Bottlenecks at South Africa’s Beitbridge border into Zimbabwe reached crisis levels earlier today as border officials battled to deal with the volume of people making their way north.
Initially it appeared that soldiers deployed by the SA National Defence Force (SANDF) were stopping trucks and cars as the border had apparently been barricaded.
One source said the SANDF was under “no directive from government to keep the borders open”.
Matters were made worse by customs officials apparently not reporting for duty.
People and cargo that had successfully transited through Beitbridge on the South Africa side also faced the prospect of downed systems on the Zimbabwean side.
This after another source said the immigration system by the Zimbabwean Revenue Authority (Zimra) “went down at midnight and up to now hasn’t been sorted”.
The source told transit assistance bureau Transist that Zimra officials were trying to resolve matters to allow essential goods to pass through as effortlessly as possible.
But Mike Fitzmaurice, CEO of the Federation of East and Southern African Road Transport Associations (Fesarta), said it was an embarrassment what was happening at Beitbridge.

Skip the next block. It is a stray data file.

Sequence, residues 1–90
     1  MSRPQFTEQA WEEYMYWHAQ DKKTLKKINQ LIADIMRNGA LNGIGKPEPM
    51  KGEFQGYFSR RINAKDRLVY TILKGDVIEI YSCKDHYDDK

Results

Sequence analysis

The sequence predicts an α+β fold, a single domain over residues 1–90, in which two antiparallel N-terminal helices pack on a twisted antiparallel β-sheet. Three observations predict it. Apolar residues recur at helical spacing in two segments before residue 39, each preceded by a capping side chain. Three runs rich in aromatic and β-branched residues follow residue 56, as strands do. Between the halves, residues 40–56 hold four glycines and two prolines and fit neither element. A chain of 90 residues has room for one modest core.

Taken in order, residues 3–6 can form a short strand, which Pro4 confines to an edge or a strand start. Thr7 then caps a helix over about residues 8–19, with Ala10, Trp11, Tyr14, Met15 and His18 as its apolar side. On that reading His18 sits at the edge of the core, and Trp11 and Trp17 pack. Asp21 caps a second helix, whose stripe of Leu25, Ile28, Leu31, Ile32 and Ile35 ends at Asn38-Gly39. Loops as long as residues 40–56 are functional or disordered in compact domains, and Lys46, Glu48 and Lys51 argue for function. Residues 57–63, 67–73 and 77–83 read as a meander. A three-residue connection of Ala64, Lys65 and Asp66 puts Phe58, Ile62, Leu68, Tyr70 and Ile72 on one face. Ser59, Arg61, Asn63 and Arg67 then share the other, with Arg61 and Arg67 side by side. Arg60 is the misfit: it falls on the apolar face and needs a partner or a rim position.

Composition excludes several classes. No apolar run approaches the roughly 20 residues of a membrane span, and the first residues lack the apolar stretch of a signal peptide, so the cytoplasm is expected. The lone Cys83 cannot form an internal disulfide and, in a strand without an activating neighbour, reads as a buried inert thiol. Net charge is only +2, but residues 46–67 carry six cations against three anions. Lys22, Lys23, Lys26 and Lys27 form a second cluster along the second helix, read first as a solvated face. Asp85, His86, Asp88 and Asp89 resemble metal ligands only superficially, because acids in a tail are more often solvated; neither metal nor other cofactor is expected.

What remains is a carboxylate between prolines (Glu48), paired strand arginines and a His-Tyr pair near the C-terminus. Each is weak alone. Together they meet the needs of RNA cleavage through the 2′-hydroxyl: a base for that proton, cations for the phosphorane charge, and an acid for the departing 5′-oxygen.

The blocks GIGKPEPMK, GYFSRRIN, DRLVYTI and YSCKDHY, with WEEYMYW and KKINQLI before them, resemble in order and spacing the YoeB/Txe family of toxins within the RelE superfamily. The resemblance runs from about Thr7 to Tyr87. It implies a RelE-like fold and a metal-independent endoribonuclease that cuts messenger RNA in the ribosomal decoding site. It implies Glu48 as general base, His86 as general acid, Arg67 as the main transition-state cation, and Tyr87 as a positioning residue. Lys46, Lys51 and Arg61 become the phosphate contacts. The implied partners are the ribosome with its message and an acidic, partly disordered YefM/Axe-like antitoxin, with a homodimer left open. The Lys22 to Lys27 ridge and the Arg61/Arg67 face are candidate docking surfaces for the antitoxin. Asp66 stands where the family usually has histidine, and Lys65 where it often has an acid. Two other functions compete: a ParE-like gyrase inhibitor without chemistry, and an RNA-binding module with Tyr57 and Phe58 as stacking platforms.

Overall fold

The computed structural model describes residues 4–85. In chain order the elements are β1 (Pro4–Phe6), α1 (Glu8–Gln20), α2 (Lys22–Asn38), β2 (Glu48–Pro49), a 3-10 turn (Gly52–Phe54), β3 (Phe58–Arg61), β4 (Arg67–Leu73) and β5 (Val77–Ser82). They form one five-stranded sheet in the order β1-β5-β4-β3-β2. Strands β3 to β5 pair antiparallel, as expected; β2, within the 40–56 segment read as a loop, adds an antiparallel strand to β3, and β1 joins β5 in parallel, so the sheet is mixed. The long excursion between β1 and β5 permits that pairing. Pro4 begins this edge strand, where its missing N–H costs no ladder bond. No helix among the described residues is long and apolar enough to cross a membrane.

“Even fuel, food and other essential supplies aren’t let through.”
He attributed the chaos at the border to bad management – immigration and revenue officials not knowing what they were doing.
Commenting on yesterday’s report (https://www.ftwonline.co.za/article/zambian-police-involved-case-alleged-transport-extortion) that the border south of the DRC into Zambia was experiencing congestion because of police reportedly extorting bribes from truckers south of Chingola, Fitzmaurice said it was nothing new.
“Whenever trucks are stopped, police find some reason to see how much money they can make.”
With day one of lockdown barely halfway, Fitzmaurice said the whole north-south line was turning into a mess with none of the borders working properly – Kasumbalesa (DRC-Zambia), Chirundu (Zambia-Zimbabwe) and Beitbridge.
In an update at about 1pm, Transist posted on its WhatsApp community that the Beitbridge border was not closed.
“The volume of traffic is a result of people that did not make the cut-off time to cross the border before the lockdown at midnight.
“The army barricaded the road just outside Musina near China Mall to prevent build-up of traffic and allow people who work at the border to get through.
“The slow pace at the border is due to the health screening of passengers, travellers and drivers as Zimra only has one screening station.”
Officials from the SA Revenue Service were said to be assisting their peers at Zimra in a bid to fast-track border processing.
At the time of posting this report, FTW Online learned that Botswana had announced quarantine protocols for South African traffic entering that country (please see report elsewhere).